Last night was Michael’s Middle School Spring Fest Concert. I left work early and picked him up—the concert wasn’t until 7 p.m., but the two middle school bands and choruses were meeting up and having a pizza dinner and rehearsals at 5 p.m.
Driving from my work, I went from clear skies to darkened clouds, found out at Michael’s after school program that there was a tornado warning. Thought not much about it—there aren’t really that many tornadoes that touch down here in Massachusetts.
Dropped him off at the high school where all the spring concert festivities were going to take place.
Chewy (who had worked from home just so he could make sure to be here for Michael’s concert) and I went to pick up Willow. The three of us went to dinner at Johnny Rocket’s (she had mini hot dogs—hot dogs being her “new” favorite food). It was kinda weird to not have Michael along with us—a glimpse into the future I suppose…
I was also concerned because the weather was starting to look very menacing—and since he was not with us, I think I was a bit more worried than normal about it.
We went to the concert early to get good seats—Chewy and Willow went right up to the first row. Where I found them talking quietly to Michael. Because the advanced band was rehearsing on stage (the 6th grade band was in the seats). (Later, I find out that Chewy did not even know Michael was there until they had sat down)
At 7 p.m. the concert started. The sixth grade band was first up. We were in the front row—but Michael was in the second row (all I could see was the top of his head and his shoes/socks). Luckily, I knew that he was also announcing one of the songs. (Willow kept asking where Michael was—she had even less of a view, of course!)
It struck me how things can change in six months. All the playing was so much better. And Willow (who, last time during the holiday concert was insufferable) was so much better. She listened and she sat (relatively) still. She was interested in seeing Michael and encouraging him. And when she walked down the aisle to her seat during rehearsal—she sashayed (hips swinging with her skort) to the music.
Michael did really well. Actually, he did great—but he did not realize it. Towards the end of the performance, he seemed flustered (he dropped his clarinet) as he got ready to go up to the microphone to announce the last song. Other kids had shared the announcing of songs, etc. Most had used the script, looked down at the paper and shyly announced the next song. The girl before him (a soloist) had come up and had memorized her speech. Michael got up to speak. His music teacher offered him the script, but he waved it off. And got up to say his small announcement that he thought he had memorized. And in a strong voice—he stumbled over it...long pause. And, being Michael, he has to say it PRECISELY (so I awaited frustration, possible melt down). And in a strong voice—he recovered. Calmly he announced the last song. And went to his seat and played. I was so proud of him! He had a strong voice and in adversity, he recovered.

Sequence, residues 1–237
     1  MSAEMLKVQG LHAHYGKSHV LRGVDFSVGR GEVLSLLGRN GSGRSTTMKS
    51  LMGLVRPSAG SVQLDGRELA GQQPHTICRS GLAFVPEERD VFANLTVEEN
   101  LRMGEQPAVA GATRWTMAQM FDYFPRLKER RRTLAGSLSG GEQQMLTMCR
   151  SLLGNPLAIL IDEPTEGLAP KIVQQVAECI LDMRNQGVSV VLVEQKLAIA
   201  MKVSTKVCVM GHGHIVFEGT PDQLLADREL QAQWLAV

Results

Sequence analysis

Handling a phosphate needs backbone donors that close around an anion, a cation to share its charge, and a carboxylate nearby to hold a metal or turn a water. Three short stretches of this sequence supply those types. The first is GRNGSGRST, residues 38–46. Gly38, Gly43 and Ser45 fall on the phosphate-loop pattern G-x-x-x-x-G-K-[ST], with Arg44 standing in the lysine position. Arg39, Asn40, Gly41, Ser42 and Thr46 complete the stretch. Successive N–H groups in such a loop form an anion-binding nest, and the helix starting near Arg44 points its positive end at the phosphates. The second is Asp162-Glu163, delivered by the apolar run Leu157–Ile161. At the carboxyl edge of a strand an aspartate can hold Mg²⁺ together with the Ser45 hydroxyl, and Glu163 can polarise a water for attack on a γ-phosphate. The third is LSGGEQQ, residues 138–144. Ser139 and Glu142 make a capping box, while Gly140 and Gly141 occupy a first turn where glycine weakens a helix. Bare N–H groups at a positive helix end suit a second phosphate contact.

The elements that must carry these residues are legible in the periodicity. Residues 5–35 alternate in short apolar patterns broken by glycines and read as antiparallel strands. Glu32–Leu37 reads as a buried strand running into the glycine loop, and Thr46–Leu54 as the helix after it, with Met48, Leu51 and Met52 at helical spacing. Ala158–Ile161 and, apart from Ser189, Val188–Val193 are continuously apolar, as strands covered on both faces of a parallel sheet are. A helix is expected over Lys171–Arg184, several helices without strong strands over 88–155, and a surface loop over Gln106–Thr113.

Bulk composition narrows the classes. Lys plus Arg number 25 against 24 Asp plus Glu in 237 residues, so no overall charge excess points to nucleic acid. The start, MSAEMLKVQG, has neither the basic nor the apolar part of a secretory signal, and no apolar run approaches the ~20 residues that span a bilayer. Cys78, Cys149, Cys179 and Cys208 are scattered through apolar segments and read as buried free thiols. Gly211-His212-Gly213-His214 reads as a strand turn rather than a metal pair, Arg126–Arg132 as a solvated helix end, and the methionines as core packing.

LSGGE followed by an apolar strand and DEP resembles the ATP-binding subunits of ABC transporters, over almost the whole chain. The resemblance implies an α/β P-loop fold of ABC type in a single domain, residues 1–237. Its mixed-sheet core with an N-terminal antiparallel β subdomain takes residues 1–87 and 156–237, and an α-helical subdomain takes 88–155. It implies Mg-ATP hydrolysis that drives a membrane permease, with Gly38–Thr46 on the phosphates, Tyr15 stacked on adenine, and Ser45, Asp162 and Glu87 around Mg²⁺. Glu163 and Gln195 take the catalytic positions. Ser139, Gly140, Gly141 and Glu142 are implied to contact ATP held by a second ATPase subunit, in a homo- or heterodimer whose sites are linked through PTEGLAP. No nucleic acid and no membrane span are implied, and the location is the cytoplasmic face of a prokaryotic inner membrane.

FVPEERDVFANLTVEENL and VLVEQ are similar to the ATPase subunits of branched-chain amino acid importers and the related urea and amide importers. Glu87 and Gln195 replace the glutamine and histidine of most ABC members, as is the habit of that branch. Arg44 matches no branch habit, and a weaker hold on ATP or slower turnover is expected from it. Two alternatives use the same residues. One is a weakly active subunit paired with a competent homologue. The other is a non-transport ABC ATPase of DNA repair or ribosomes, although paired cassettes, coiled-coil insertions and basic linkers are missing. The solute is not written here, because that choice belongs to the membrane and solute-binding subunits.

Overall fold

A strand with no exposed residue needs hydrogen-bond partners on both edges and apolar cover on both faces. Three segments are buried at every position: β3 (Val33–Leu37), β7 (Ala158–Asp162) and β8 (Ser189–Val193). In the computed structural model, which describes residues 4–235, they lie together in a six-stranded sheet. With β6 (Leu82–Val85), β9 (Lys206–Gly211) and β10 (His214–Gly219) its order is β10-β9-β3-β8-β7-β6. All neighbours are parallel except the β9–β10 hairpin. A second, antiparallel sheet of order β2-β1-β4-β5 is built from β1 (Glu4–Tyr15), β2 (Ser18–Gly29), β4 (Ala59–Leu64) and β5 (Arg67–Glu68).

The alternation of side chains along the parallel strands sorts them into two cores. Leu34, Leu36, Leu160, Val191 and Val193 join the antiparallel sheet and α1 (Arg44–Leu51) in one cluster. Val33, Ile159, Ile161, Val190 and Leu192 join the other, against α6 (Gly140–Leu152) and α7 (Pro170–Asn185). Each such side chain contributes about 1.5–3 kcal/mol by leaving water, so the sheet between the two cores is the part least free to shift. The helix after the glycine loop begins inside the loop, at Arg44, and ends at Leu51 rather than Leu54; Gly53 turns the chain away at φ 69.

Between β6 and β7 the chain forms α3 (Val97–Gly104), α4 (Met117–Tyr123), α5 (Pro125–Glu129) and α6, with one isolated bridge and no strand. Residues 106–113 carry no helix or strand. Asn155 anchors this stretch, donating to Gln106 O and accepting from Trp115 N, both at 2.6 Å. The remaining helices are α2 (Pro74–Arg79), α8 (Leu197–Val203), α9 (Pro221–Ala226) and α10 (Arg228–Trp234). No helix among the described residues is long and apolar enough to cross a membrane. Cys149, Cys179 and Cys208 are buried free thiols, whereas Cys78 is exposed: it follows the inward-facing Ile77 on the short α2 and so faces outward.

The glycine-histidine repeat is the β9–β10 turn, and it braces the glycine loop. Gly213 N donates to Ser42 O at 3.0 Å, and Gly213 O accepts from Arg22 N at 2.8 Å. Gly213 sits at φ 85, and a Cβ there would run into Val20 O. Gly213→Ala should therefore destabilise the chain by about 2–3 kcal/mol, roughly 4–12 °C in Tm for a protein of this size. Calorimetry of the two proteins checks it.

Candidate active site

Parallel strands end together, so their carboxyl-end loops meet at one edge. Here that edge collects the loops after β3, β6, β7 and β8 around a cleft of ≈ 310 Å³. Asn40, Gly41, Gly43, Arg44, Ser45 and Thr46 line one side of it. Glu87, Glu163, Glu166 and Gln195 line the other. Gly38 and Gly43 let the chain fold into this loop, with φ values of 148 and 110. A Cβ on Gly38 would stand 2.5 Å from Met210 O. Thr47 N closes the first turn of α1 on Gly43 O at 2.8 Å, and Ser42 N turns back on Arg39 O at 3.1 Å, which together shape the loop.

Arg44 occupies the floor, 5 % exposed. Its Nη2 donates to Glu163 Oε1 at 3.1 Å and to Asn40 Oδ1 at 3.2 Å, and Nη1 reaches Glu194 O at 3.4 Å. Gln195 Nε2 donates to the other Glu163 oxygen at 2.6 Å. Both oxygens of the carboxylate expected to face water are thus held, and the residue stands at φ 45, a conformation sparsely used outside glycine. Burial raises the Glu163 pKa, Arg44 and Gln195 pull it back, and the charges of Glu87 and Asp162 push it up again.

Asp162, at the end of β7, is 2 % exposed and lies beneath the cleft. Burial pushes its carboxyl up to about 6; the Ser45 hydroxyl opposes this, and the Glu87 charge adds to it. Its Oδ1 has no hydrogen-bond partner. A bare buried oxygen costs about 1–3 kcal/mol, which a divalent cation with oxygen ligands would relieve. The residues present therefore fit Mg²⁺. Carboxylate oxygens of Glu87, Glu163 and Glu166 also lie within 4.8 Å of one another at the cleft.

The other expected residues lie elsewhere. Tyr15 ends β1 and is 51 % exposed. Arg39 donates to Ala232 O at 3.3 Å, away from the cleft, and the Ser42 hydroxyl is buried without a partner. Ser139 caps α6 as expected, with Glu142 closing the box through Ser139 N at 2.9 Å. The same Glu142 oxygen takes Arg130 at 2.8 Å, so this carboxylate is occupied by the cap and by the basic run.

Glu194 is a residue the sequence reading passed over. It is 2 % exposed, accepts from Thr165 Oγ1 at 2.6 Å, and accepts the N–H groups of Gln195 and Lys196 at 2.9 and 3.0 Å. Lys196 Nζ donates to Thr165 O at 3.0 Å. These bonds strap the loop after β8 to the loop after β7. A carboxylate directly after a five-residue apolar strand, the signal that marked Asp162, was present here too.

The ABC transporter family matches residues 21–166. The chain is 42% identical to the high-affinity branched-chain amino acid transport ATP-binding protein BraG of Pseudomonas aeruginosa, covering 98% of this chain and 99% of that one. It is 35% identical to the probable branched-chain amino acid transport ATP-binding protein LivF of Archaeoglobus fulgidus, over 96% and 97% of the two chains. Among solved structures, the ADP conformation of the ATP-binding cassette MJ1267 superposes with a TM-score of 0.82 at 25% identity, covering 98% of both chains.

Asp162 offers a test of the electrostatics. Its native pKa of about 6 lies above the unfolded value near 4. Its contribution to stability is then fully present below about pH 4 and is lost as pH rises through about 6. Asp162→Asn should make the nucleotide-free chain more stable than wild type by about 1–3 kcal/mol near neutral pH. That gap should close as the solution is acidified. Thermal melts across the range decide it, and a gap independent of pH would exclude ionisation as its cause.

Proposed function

He was a bit disappointed with himself when he came to sit beside us for the rest of the concert. However, after the concert, when the band was gathering up to leave—a few girls came up to him to tell him he did a good job (well, Chewy saw that , I did not—I wish I had!)
Afterwards, we had decided that we would take him out for ice cream. We went to Schoolhouse Ice Cream, where the Bruins game was just starting. They ate their ice cream and played at the chalkboard. (Willow got soft serve chocolate with gummy bears; Michael went with his favorite, mint chocolate chip in a cone)
The sky was a strange yellow—and I recalled the last time I had seen that type of sky and felt that type of stillness—during a tornado. Never before had I seen it like this in Massachusetts. But, in Michigan…I had.
I was a little panicked as I put the kids to bed (anticipating that maybe I would have to be taking them down to the basement later). But, we were far east of where the tornadoes touched down. We did get some hail, some winds and the most lightening I have ever seen.
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